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|The Sky Pilot|
|Directed by||King Vidor|
|Written by||Ralph Connor|
|Produced by||Cathrine Curtis|
|Cinematography||L. William O'Connell|
|Distributed by||First National Pictures|
|Language||Silent (English intertitles)|
The Sky Pilot is a 1921 American silent drama film based on the novel of the same name by Ralph Connor. It is directed by King Vidor and features Colleen Moore. In February 2020, the film was shown in a newly restored version at the 70th Berlin International Film Festival, as part of a retrospective dedicated to King Vidor's career.
The Sky Pilot (Bowers) arrives in a small rough-and-tumble cattle town in the north, intent on bringing religion to its tough residents. At first they reject him, but in time he wins the residents over with his prowess. A plot to steal cattle is uncovered and disrupted. Gwen, daughter of the "Old Timer," is injured in a stampede, loses her ability to walk, but recovers thanks to the power of love.
The Sky Pilot was filmed in part at Vidor's new studio, Vidor Village and marked a break from the “stage-bound” feature The Family Honor (1920), a comedy-romance he had just completed for First National exhibitors. Shot largely in the High Sierra near Truckee, California, this big budget western was plagued by bad weather. Costly efforts to create landscapes on location produced budget overruns diminishing the profitability of the film. First National released the picture but declined to finance any further film projects by Vidor.
These financial setbacks signaled the demise of King Vidor Productions. Courts ordered the dismantling of Vidor Village, and though Vidor would briefly regain control of the studio operations there were not revived. He sold the property in January 1923.
Vidor and his leading lady, Colleen Moore, fell in love during the filming of The Sky Pilot. Vidor and Moore would pursue their love affair until 1924. Married at the time to his childhood sweetheart and film actress Florence Vidor, Vidor and his spouse divorced in 1926.
The film serves to showcase Vidor's faith in the power of positive thinking, free of puritanism or Christian moralizing, which celebrates the virtues of self-reliance and the inherent vitality of rural communities.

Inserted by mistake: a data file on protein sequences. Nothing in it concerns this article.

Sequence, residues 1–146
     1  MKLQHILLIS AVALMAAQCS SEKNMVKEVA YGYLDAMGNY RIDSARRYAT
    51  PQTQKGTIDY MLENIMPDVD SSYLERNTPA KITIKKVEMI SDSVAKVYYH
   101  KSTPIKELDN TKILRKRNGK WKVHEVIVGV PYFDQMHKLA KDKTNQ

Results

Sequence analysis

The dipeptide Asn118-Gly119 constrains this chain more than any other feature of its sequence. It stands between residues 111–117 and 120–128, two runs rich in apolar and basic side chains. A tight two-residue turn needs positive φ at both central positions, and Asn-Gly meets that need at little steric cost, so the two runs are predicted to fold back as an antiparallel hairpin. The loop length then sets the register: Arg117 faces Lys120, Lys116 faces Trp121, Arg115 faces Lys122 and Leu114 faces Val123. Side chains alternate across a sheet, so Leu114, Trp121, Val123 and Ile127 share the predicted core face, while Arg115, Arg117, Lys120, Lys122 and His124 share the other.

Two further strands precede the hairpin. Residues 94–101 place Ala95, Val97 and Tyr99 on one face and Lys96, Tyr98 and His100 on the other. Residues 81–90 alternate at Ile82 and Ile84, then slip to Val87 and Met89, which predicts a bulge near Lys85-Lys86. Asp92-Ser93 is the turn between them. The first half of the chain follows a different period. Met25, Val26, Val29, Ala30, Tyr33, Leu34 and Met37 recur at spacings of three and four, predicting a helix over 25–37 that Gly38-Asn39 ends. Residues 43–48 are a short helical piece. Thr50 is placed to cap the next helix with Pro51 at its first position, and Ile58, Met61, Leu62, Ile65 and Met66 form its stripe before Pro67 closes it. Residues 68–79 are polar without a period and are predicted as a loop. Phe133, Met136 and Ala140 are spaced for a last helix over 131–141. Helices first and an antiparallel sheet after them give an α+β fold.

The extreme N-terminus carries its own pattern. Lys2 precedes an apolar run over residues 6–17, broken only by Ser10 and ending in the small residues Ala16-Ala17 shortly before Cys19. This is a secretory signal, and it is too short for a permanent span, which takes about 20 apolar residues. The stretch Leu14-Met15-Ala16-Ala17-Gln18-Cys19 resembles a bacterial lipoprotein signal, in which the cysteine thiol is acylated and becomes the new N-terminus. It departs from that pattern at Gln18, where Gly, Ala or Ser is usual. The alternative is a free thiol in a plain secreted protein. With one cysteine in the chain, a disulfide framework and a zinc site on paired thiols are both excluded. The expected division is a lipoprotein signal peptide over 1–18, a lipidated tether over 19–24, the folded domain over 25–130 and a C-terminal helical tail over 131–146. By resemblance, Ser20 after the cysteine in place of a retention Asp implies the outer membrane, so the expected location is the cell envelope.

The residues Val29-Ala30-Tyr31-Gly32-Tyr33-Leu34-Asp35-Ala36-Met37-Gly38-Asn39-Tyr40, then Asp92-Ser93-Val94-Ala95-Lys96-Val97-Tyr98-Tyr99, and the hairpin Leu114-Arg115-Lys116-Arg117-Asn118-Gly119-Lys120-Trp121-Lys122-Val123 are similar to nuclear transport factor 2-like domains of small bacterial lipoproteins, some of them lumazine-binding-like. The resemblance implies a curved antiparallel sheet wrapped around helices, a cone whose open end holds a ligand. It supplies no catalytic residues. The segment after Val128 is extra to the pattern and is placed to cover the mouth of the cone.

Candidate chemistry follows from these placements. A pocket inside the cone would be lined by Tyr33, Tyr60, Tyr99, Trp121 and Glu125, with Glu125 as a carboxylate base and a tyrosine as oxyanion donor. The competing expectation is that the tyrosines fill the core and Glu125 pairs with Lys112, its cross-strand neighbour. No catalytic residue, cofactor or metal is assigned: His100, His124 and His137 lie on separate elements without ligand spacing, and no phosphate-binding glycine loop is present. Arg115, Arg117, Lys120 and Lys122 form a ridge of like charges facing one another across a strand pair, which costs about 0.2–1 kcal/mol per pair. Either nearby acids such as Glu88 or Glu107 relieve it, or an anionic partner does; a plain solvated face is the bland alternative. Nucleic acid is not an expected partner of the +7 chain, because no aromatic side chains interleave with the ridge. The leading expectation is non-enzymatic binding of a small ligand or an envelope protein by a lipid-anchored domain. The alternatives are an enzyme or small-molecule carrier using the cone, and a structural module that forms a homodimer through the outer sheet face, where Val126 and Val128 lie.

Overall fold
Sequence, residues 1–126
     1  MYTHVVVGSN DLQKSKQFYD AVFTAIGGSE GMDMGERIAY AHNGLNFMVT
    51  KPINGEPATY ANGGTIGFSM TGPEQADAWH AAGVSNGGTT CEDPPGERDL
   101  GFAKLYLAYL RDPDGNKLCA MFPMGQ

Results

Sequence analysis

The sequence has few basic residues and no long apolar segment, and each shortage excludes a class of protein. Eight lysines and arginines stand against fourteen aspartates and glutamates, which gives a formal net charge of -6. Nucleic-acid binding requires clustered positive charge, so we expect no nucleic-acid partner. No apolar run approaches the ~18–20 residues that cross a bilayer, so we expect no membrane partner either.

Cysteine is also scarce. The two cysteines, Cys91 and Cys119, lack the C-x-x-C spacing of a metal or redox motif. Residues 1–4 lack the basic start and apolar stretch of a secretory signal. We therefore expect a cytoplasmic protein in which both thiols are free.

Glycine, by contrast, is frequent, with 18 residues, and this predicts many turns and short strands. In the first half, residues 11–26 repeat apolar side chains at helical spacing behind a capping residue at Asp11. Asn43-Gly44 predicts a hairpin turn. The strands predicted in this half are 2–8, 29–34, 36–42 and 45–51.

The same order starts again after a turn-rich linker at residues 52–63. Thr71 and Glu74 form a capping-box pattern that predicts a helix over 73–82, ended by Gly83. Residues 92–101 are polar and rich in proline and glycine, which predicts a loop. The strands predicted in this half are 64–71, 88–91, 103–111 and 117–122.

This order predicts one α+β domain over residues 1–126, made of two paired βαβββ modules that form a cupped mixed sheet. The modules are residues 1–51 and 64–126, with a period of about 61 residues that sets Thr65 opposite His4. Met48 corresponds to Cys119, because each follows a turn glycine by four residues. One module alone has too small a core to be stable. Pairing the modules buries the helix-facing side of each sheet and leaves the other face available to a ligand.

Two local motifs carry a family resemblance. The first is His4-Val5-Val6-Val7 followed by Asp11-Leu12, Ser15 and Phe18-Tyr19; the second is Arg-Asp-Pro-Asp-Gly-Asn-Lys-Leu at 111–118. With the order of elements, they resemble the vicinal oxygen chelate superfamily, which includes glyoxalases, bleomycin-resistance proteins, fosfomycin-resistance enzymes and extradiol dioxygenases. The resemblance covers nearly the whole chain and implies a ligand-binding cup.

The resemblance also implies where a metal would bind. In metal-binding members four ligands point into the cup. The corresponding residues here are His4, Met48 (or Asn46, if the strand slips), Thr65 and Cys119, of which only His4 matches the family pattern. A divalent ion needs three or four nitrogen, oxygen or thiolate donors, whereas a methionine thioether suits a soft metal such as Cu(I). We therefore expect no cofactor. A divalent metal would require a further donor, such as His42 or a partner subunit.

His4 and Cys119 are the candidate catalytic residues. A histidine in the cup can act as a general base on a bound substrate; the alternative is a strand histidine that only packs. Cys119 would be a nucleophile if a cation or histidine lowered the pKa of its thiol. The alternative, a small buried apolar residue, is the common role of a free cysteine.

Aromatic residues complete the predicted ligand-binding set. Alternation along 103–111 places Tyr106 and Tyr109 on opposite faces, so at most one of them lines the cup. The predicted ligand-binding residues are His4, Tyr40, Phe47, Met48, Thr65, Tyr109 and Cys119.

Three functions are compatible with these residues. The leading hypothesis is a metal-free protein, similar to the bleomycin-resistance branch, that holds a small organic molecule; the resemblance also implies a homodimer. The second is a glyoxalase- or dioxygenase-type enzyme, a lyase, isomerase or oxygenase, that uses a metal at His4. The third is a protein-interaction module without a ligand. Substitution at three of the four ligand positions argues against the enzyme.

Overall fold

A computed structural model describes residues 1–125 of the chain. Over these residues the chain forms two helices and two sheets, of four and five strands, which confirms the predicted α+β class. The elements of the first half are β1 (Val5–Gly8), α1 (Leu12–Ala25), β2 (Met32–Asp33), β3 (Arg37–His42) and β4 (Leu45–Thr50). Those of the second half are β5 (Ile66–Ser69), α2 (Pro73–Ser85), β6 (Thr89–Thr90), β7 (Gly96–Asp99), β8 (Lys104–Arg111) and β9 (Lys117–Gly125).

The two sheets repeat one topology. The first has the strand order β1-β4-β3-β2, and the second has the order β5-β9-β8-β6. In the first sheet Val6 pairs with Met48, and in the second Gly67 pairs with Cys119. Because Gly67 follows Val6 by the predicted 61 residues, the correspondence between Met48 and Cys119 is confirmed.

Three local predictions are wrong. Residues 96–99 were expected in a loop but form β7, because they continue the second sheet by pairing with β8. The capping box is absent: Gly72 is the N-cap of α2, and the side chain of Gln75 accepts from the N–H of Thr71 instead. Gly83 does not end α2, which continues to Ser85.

The precise theme of the film remains ambiguous. According to sources, Vidor attempts to entertain the audience with a light farce and sanctimoniously impress them with spectacular natural scenery, the latter "which is closest to Vidor’s heart." The redemptive value of "individualist" faith provides a subtext for the movie, as John Bowers as the manly Sky Pilot adroitly converts local ruffians to Christian-like virtues. When cowboy Bill Hendricks (David Butler is bested by the Sky Pilot in a fist fight he confesses: "When a man’s religion will let him do what you done and live, there must something in it."
- "Berlinale 2020: Retrospective "King Vidor"". Berlinale. Retrieved February 28, 2020.
- Baxter 1976 p. 11-13
- Durgnat and Simmons, 1988 p. 25-26
- Baxter 1976 p. 15
Higham 1972: "King Vidor's romance with Colleen Moore (b. 1900) is already a Hollywood legend. They first met in 1921, when he was married to his boyhood sweetheart, Florence Vidor: he directed Colleen in “The Sky Pilot.” They fell in love, and their affair continued until 1924."
Tonguette, 2011: “She was the great love of his life, I should think. King had three wives. I think two had died. Colleen Moore had three husbands and all had died. He didn’t marry her, which was a big loss to him because he really absolutely loved Colleen Moore.”
- Drugnat and Simmons, 1988 p. 38-39
- Baxter 1976, p. 13; Durgnat and Simmons, 1988 p. 41-42
- "Alpha Video - The Sky Pilot (Silent)". Retrieved January 30, 2014.
- Baxter, John. 1976. King Vidor. Simon & Schuster, Inc. Monarch Film Studies. LOC Card Number 75-23544.
- Durgnat, Raymond and Simmon, Scott. 1988. King Vidor, American. University of California Press, Berkeley. ISBN 0-520-05798-8
- Higham, Charles. 1972. "Long Live Vidor, A Hollywood King" https://www.nytimes.com/1972/09/03/archives/long-live-vidor-a-hollywood-king-long-live-vidor-who-was-a-king-of.html Retrieved June 10, 2020
- Tonguette, Peter. 2011. Journey to Galveston: An Interview with Catherine Berge on King Vidor. Senses of Cinema, June 2011 Feature Articles Issue 59. http://sensesofcinema.com/2011/feature-articles/journey-to-galveston-an-interview-with-catherine-berge-on-king-vidor-2/ Retrieved June 10, 2020
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